The brother of a teenager who died after taking a pill bought online has called for a change in the law to tackle the sale of such drugs.
Aidan Karpenko, 19, lost his life in June after a friend gave him a single Etizolam tablet he had bought on the internet.
Etizolam – which was identified as a so-called ‘legal high’ in 2011 – is used as a medicine in Japan and India to treat anxiety, insomnia and panic attacks. The drug is not licensed as a medicine in the UK – although it is not classed as an illegal substance.
An inquest on Monday heard how Aidan, of Chesterfield Road, Holmewood, took the pill because he was “feeling anxious”.
Aidan’s brother, Calvin, said: “There needs to be accountability under the law for the supply of these substances in order to protect the public and prevent more avoidable deaths.
“The suppliers of these drugs are unqualified and unable to know the medical implications of taking them and your safety is the least of their worries. Just because it is legal, it does not mean it is safe.
“We would seriously appeal to people thinking about using drugs to not do so. As Aidan’s death shows, it can only take one pill.”
Mr Karpenko added: “We are all still reeling from the shock that Aidan has gone.
“Aidan was a loving young man who helped a lot of people during his short lifetime and there are many people who will miss him.”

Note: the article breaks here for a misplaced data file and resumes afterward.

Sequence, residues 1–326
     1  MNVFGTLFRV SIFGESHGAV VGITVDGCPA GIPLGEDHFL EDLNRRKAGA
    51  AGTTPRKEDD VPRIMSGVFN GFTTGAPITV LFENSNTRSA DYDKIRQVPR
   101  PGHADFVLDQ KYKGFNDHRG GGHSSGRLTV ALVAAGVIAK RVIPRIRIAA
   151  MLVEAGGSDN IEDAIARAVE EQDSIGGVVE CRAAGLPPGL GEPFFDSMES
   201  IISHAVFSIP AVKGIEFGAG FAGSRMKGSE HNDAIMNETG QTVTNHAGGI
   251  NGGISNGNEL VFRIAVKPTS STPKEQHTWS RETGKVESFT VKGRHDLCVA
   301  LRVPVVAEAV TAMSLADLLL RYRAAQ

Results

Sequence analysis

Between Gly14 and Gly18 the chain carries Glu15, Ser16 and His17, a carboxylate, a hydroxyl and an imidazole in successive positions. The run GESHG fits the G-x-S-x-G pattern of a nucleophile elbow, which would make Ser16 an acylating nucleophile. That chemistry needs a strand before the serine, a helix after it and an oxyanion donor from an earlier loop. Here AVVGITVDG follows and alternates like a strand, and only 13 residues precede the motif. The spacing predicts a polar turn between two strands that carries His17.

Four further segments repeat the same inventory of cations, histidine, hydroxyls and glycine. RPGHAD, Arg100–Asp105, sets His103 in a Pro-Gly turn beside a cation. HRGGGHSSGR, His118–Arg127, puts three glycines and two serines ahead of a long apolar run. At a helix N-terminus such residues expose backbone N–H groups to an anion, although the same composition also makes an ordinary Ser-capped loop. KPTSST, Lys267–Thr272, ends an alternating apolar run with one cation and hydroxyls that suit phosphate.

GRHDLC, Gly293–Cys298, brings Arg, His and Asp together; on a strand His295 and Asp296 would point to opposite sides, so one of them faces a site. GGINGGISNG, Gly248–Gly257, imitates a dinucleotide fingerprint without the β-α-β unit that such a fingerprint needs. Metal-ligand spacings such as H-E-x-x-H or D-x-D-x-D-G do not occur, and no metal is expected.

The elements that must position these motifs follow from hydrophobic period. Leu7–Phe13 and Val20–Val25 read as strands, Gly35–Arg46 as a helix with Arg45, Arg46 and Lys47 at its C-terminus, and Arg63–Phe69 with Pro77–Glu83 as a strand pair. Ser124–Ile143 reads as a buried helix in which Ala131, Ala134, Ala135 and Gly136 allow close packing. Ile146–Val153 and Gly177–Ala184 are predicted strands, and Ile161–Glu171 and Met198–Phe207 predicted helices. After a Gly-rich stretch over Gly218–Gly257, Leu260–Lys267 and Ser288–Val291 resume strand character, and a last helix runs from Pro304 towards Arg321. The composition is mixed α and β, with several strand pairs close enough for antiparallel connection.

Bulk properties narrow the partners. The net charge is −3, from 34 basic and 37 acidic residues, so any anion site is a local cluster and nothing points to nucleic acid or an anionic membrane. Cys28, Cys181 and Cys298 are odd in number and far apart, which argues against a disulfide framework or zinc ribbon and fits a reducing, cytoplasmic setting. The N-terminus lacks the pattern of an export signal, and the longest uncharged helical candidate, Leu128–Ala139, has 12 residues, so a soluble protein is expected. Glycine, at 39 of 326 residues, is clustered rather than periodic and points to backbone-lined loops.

He also expressed his “deepest gratitude and thanks” to everyone who has offered support during “a terrible period of time for our family”.
A former Chesterfield College student, Aidan was a talented songwriter and guitarist who would often entertain his classmates with his music.
The former bartender at Frankie and Benny’s was pronounced dead at 7.10am on Wednesday, June 25. Post-mortem tests revealed he died of cardiorespiratory depression due to Etizolam toxicity.
Coroner James Newman recorded a verdict of accidental death.
So just how easy is it to buy ‘legal highs’ online? Michael Broomhead investigates...
You only have to type a few key words into Google to realise there are thousands of distributors – many in the UK – selling these dangerous substances.
Within a matter of minutes, I’d ordered ten Etizolam pills for just £4.50.
All I had to do was enter my name, address and bank details, confirm I was over 18 and agree to the terms and conditions.
It was that shockingly simple to buy these hideous drugs, which were delivered to me just two days later.
Etizolam is one of many ‘legal highs’ flooding the drugs market in the UK.
Suppliers, who get round the law by selling the substances as incense, salts or plant food, say they’re doing nothing wrong.
Latest figures show 68 people died after taking ‘legal highs’ in 2012 and many people in Derbyshire – including Chesterfield MP Toby Perkins and our police – are doing all they can to raise awareness about the dangers and fight for a change in the law.
It may be some time before legislation changes – but it’s hoped that by highlighting the dangers of ‘legal highs’, other lives will be saved.